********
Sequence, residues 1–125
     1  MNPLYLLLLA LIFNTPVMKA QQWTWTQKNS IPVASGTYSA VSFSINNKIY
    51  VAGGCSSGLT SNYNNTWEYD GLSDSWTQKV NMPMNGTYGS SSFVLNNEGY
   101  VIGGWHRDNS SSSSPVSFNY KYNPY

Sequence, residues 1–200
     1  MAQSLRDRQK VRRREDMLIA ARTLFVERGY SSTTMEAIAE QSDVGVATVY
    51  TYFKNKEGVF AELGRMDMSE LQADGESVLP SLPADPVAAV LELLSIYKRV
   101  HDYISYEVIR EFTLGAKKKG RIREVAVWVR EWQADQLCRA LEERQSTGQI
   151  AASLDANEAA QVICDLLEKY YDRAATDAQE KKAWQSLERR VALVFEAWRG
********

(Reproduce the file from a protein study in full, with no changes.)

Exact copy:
Sequence, residues 1–125
     1  MNPLYLLLLA LIFNTPVMKA QQWTWTQKNS IPVASGTYSA VSFSINNKIY
    51  VAGGCSSGLT SNYNNTWEYD GLSDSWTQKV NMPMNGTYGS SSFVLNNEGY
   101  VIGGWHRDNS SSSSPVSFNY KYNPY

Sequence, residues 1–200
     1  MAQSLRDRQK VRRREDMLIA ARTLFVERGY SSTTMEAIAE QSDVGVATVY
    51  TYFKNKEGVF AELGRMDMSE LQADGESVLP SLPADPVAAV LELLSIYKRV
   101  HDYISYEVIR EFTLGAKKKG RIREVAVWVR EWQADQLCRA LEERQSTGQI
   151  AASLDANEAA QVICDLLEKY YDRAATDAQE KKAWQSLERR VALVFEAWRG